Xerox saw revenues from services, rentals and equipment financing drop 7.5% year-on-year to $1.4bn in the third quarter (£1bn, €1.2bn), a few months after reports that the company was looking to raise cash by offloading its leasing business.
The “services, maintenance and rentals” segment, which covers leasing as well as Xerox’s bundled services offering, reported income of $1.3bn, a 6.9% drop compared to Q3 2017.
Xerox attributed the fall to lower print volumes on part of customers, competitive pressures and fewer installation contracts last year resulting in a smaller population of managed devices. The factors were “partially mitigated” by higher revenues from vendor partnerships.
Financing revenues, which fell 11% to $65m, were dragged down by lower equipment sales. Overall, finance assets in Xerox’s books – covering leases and finance receivables – totalled $3.9bn as of September 30, down 7.7% year-on-year.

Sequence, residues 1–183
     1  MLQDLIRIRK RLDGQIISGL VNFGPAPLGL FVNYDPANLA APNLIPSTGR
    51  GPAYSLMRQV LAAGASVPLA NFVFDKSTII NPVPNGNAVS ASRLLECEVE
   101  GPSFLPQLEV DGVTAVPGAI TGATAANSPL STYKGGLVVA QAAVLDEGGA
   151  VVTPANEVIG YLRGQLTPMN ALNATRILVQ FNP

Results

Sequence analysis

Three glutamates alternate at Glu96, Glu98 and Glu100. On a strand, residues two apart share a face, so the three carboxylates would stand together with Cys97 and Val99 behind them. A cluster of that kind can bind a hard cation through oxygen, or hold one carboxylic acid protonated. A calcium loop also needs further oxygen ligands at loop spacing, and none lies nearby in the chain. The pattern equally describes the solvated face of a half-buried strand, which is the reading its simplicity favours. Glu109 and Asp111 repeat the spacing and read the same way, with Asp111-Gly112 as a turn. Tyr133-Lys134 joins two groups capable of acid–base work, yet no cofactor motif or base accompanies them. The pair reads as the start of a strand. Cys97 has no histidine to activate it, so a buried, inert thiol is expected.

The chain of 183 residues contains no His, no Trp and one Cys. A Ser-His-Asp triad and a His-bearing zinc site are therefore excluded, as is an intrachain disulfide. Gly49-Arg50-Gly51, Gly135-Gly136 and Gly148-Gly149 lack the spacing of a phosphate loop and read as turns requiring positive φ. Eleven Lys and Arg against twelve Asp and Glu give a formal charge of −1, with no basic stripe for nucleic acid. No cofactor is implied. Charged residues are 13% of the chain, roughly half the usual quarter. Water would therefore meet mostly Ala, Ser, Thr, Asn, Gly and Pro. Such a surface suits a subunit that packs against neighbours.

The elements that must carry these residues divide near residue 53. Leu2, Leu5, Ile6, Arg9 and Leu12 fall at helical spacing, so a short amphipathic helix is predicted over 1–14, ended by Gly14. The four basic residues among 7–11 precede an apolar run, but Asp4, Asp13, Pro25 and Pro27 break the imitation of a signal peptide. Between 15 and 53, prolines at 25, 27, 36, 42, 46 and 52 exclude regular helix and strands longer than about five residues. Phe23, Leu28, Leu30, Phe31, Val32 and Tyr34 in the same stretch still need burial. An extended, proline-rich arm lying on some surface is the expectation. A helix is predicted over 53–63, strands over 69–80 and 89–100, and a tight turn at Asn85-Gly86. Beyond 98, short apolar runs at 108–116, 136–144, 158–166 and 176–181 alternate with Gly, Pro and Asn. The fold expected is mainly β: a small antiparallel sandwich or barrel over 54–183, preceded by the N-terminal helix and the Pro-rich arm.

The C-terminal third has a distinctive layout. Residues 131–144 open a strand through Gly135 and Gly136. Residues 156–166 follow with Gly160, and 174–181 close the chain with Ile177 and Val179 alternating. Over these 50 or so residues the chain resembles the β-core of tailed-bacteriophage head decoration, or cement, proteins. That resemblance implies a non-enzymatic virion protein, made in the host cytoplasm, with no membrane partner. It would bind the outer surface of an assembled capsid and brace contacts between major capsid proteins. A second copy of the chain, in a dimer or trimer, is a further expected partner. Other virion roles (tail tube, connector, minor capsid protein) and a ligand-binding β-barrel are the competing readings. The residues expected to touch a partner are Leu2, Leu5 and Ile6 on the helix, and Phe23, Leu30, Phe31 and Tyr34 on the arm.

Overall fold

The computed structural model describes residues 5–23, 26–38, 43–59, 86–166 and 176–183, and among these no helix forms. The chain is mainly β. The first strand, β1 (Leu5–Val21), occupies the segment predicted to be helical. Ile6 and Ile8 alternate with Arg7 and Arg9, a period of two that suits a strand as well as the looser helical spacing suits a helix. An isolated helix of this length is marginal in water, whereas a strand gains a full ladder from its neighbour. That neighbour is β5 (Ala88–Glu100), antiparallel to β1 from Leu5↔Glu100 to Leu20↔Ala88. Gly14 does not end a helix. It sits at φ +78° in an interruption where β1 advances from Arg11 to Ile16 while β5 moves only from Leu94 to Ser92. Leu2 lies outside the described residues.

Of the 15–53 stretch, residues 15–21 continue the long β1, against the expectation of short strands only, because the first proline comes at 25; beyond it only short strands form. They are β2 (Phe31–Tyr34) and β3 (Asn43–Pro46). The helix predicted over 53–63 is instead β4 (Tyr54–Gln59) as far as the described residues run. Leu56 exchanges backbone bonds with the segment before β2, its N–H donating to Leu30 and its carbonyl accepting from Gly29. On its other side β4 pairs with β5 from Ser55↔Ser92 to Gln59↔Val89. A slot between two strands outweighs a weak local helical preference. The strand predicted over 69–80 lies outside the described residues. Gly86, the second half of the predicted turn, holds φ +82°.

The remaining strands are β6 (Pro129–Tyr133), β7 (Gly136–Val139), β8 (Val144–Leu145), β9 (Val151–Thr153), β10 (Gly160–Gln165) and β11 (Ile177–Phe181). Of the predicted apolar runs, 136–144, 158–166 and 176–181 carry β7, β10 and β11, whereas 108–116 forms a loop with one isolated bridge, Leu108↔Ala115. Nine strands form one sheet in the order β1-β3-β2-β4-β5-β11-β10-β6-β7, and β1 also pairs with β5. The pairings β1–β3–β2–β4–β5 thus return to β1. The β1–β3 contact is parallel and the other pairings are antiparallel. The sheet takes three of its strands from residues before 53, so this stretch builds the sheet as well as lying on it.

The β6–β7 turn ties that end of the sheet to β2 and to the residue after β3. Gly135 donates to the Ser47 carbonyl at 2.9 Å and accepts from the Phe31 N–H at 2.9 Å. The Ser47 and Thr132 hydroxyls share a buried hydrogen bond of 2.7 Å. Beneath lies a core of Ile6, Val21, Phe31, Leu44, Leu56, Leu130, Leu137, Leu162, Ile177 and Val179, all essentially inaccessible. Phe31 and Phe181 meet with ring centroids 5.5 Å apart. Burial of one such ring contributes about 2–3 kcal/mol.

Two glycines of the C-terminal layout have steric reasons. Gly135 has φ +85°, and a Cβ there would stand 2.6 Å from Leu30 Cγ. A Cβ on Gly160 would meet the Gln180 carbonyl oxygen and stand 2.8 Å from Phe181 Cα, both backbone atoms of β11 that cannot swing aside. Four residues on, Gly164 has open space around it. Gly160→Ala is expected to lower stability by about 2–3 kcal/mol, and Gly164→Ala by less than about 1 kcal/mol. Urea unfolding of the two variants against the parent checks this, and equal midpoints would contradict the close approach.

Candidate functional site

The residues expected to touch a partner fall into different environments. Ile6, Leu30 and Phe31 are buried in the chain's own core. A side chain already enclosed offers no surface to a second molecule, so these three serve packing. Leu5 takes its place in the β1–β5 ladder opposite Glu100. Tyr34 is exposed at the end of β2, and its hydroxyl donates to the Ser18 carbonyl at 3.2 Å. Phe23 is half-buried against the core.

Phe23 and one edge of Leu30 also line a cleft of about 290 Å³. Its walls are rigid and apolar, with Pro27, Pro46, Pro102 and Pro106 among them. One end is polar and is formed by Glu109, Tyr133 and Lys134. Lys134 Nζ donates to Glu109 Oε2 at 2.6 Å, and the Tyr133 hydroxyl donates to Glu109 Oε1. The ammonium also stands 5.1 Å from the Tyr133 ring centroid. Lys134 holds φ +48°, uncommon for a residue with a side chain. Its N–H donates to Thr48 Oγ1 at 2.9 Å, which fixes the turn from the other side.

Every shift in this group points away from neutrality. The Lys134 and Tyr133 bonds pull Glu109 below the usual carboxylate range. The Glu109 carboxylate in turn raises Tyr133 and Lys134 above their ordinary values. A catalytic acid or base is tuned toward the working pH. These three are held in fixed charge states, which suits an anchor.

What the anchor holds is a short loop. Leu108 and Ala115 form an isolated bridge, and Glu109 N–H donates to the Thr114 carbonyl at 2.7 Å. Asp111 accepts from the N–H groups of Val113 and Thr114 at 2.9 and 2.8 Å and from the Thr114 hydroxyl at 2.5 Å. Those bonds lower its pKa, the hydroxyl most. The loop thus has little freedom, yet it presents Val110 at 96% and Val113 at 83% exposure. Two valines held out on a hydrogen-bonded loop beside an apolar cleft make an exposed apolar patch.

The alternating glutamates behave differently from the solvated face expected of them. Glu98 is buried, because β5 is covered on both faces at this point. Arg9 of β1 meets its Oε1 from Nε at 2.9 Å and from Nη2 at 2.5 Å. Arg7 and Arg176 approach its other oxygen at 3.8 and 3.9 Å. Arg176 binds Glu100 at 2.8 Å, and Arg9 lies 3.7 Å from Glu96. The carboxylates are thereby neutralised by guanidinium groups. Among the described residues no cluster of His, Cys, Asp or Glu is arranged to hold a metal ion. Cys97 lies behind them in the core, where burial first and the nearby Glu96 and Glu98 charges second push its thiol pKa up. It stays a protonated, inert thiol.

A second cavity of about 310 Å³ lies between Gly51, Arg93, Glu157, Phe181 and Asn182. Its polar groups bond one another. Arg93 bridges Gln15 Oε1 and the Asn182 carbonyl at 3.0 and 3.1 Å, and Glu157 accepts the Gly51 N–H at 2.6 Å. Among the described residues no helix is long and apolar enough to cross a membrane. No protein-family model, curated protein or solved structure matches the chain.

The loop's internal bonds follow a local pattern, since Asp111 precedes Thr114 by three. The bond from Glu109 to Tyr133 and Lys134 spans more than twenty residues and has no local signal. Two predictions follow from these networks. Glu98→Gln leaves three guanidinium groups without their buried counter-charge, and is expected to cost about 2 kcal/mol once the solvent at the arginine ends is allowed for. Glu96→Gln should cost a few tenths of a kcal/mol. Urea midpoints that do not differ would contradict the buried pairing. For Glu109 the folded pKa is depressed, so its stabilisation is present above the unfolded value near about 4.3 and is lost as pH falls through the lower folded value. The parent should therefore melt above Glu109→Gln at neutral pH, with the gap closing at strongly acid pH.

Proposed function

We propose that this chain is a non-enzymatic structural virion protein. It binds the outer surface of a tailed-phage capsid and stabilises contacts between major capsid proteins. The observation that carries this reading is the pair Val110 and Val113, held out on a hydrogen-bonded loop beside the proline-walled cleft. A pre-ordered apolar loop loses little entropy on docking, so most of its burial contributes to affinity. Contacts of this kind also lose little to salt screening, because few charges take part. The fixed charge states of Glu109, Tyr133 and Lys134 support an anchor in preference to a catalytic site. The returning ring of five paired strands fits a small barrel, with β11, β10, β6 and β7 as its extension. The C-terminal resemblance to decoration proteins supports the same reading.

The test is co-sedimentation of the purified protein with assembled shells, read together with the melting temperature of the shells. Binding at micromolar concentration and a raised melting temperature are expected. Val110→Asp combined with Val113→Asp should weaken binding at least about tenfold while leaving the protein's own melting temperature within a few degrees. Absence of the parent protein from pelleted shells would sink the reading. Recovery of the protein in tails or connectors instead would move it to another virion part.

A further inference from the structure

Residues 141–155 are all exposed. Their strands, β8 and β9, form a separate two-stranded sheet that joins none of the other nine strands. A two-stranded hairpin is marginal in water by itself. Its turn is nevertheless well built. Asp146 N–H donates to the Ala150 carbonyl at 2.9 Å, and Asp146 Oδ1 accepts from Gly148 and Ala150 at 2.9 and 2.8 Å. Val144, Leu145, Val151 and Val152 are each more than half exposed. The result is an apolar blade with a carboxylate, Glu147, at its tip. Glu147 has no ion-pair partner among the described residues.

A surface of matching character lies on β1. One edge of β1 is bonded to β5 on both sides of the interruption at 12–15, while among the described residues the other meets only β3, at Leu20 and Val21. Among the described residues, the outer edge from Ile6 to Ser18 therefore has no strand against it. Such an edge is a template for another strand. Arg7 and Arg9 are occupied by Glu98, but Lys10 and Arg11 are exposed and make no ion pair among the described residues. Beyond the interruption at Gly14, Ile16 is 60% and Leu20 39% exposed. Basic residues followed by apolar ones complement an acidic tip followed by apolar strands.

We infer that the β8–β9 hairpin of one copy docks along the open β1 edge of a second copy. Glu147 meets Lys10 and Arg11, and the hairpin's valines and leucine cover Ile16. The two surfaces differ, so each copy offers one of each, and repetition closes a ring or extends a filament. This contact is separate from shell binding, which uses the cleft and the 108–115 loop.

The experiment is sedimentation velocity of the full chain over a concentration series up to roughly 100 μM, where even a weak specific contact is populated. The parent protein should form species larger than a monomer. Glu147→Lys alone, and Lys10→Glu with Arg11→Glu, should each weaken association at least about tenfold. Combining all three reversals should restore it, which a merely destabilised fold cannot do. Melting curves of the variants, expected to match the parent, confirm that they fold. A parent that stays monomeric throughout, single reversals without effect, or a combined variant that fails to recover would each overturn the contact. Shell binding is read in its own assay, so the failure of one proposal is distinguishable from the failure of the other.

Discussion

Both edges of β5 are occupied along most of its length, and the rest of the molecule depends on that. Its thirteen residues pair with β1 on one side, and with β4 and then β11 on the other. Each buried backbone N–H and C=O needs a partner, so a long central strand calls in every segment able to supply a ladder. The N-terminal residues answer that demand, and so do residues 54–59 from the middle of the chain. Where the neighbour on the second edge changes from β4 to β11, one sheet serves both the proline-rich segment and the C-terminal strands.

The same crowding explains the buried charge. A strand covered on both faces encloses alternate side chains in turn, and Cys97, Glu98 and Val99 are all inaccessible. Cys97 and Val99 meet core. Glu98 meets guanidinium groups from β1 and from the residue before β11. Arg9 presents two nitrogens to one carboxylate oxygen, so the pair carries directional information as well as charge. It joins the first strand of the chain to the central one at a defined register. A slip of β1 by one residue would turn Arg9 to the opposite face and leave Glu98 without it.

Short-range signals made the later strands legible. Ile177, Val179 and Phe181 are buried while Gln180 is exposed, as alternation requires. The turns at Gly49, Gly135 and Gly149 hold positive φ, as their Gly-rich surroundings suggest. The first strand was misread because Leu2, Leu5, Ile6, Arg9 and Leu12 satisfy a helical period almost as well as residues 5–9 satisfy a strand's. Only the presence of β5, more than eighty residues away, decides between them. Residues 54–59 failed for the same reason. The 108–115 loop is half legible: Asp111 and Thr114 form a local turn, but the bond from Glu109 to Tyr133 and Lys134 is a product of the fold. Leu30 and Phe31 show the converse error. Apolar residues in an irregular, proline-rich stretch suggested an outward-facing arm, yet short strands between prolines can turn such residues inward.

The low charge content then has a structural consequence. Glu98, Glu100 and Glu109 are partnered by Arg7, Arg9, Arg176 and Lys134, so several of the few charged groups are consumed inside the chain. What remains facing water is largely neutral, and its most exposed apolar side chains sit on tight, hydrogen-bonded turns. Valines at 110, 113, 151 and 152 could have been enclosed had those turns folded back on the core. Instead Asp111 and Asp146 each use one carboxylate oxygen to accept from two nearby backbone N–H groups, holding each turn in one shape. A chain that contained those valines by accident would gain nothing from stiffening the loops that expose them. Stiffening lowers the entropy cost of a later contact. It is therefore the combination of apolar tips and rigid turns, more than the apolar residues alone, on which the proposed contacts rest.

The results come after a turbulent year for Xerox, which saw it embroiled in a legal battle with Fujifilm over control for the Fuji Xerox joint venture in the Asia-Pacific region.
After plans were scrapped for a $6.1bn merger that would have seen Fujifilm take over both Xerox and the joint venture, activist investors Carl Icahn and Darwin Deason – who had vehemently opposed the deal – took control of Xerox.
In July, reports emerged that the American firm’s new leadership was looking to sell the leasing unit – with a $6.4bn market capitalisation and $5.5bn in debt – in order to deleverage the rest of the business.
The sale had the potential to free up Xerox’s balance of as much as $3.3bn in debt, making the rest of the company more palatable for future private equity buyers, who in turn would be able to take on additional leverage to turn the business around.
Private equity firms had reportedly already expressed interest for Xerox in March, soon after the Fujifilm merger fell off the table.